March 14, 2016 – Monday in the 5th Week of Lent
Saint for the day: Matilda (Death 968)
Scripture Readings for today’s Liturgy:
Daniel 13: 1-9 … … 32-62
Note: If you like to read about intrigue and opulence be sure to click on the “link” to today’s saint, Matilda, to see how life in the Church was during her lifetime at the end of the 10th Century. Now, on to today’s reflection!
“Even though I walk in the dark valley I fear no evil; for you are at my side. (today’s responsorial psalm refrain.)
Today’s Responsorial Psalm (partly captioned, above) is key to giving our scriptures for today’s Liturgy meaning as we begin the 5th Week of Lent. In the Old Testament story of Suzanna she is almost at the end of her rope. Two Elders try to “have their way” with her but her cry bought others into the garden. The clever, old men quickly hatch a plot to make it look like she has secretly met with a young lover. However, she is saved by Daniel who uses the “divide and conquer” ploy to trap the two elders in their own scheme.
Today’s Responsorial Psalm really does become the perfect bridge to the Holy Gospel especially since Jesus doesn’t really have any rescuers to save him from the trap set by Judas. His first defense is to claim that He is “the light of the world” and that he knows where He came from and where He is going. This statement is up against the two old men in the Suzanna story who were only led by their own lust. There’s a lessen for us in today’s scriptures. In the first place Suzanna knows exactly who she is and has no pretentions and only wants to cool off in the water of the pool. The two old men are only motivated by their lust which really didn’t get them anywhere.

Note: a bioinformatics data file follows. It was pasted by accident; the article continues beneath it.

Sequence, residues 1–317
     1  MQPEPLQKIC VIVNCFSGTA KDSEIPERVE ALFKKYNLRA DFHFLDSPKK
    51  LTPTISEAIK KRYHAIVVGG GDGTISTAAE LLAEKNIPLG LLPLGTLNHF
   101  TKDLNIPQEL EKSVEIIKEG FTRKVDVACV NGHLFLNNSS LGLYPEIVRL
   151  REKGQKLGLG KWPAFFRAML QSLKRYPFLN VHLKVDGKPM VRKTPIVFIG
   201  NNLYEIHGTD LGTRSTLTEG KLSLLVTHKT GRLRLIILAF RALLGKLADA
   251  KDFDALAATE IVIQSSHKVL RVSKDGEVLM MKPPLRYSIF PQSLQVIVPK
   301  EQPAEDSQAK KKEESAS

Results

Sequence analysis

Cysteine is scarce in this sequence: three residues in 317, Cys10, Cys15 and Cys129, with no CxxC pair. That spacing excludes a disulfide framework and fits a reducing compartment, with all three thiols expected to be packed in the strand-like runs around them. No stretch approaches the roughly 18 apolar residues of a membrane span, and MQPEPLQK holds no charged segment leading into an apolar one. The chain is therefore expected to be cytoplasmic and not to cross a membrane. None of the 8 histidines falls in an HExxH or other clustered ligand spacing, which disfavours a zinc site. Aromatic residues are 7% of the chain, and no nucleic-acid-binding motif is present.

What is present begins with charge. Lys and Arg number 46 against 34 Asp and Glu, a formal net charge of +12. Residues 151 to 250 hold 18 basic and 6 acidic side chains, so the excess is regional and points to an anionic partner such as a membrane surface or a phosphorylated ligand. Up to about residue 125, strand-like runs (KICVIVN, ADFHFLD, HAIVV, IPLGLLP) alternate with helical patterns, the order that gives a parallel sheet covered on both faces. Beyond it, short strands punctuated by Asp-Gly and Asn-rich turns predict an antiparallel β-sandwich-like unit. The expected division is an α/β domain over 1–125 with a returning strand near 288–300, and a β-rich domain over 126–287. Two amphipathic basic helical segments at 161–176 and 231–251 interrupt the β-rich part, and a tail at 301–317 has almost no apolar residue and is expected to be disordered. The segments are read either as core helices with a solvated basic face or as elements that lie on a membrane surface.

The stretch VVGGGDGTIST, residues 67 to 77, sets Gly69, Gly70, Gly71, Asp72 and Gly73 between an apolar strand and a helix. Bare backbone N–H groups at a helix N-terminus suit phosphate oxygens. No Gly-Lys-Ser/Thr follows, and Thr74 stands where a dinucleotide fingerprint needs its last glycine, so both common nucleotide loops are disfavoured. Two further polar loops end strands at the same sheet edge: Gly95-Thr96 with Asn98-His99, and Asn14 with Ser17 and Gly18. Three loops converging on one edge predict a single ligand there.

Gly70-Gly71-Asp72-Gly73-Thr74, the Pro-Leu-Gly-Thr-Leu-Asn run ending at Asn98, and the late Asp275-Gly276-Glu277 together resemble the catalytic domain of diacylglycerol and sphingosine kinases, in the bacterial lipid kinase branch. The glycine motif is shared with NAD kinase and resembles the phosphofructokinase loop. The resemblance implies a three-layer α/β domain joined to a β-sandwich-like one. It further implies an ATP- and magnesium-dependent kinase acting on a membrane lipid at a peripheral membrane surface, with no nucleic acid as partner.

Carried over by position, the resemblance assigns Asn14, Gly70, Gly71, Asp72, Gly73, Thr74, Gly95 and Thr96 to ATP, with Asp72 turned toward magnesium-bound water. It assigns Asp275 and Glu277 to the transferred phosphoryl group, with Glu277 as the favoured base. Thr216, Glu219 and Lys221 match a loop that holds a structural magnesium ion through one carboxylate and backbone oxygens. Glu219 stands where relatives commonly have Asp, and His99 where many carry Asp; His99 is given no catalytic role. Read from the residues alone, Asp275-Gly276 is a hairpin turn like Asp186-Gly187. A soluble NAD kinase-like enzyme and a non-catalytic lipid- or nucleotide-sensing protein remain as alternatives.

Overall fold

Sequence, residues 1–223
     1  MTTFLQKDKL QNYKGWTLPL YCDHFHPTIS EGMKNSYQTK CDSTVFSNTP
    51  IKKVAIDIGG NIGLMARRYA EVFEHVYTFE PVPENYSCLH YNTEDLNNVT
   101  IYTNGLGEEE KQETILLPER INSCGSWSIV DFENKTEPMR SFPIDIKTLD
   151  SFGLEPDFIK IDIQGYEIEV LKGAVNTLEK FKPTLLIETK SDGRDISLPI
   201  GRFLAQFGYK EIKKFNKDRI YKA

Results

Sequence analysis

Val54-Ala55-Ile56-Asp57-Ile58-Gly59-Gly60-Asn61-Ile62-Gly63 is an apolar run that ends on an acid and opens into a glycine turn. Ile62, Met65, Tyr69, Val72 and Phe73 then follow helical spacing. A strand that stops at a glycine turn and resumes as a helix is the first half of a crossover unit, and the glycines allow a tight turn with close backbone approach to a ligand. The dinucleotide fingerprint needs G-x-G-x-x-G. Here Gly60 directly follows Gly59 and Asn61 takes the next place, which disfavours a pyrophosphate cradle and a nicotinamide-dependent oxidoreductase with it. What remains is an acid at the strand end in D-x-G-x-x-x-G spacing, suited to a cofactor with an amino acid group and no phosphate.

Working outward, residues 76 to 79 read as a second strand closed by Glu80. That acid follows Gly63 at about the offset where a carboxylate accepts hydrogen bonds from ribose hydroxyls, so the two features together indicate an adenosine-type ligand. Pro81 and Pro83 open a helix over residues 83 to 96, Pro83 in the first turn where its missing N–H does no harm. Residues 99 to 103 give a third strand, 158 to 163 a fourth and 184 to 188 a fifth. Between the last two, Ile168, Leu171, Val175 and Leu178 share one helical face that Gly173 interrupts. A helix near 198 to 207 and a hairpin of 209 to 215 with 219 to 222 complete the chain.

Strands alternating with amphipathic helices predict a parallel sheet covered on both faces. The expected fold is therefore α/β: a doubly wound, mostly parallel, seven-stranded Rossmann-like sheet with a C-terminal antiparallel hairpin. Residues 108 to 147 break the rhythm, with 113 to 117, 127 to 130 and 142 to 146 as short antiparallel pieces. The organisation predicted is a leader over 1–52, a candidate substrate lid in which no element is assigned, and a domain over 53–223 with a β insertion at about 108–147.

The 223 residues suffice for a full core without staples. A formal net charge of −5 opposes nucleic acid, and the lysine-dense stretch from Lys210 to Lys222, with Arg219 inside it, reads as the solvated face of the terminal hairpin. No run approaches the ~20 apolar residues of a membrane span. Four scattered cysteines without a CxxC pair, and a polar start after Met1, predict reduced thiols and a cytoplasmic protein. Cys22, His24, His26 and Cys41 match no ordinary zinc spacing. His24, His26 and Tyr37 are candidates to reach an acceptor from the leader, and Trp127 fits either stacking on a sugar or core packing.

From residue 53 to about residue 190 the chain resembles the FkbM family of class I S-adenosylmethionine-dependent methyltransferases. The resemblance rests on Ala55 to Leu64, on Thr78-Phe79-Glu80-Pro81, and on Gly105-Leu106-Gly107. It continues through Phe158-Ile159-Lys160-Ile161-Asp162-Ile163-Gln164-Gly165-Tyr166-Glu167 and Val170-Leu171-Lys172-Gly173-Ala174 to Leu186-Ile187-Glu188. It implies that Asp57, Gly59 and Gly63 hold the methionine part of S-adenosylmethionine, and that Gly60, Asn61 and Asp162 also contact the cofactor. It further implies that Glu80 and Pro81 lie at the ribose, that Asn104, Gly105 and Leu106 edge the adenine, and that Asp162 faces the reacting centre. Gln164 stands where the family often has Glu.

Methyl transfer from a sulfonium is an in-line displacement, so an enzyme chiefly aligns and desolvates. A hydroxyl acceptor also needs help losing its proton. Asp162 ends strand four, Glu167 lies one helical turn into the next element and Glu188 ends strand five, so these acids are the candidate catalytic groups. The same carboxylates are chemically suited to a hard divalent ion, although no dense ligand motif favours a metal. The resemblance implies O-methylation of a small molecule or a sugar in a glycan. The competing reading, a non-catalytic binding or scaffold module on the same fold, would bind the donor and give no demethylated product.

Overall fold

Jesus, on the other hand, knows who he is and what he is about along with where he has come from and where he is going. But the Jews don’t know anything about Jesus and so, are left in the dark. From the scriptures given us today we can see the importance of knowing Jesus; who he is; where he comes from and where he’s going. Thus, our goal in Lent should be to meet Jesus; get to know him; and – for sure – follow Him. Work on those three facts and it will all fall into place.
I once heard a priest end the Mass with these words: “may the peace of Christ profoundly disturb you.” He wasn’t trying to make some crisis in peoples lives but was trying to make clear the fact that any encounter with Jesus has to knock us off our presumptions and change something in the way we live our lives. If the life, death and resurrection of Jesus doesn’t change us in some way or other we might have missed the point all together. Lot’s to think about today! Amen!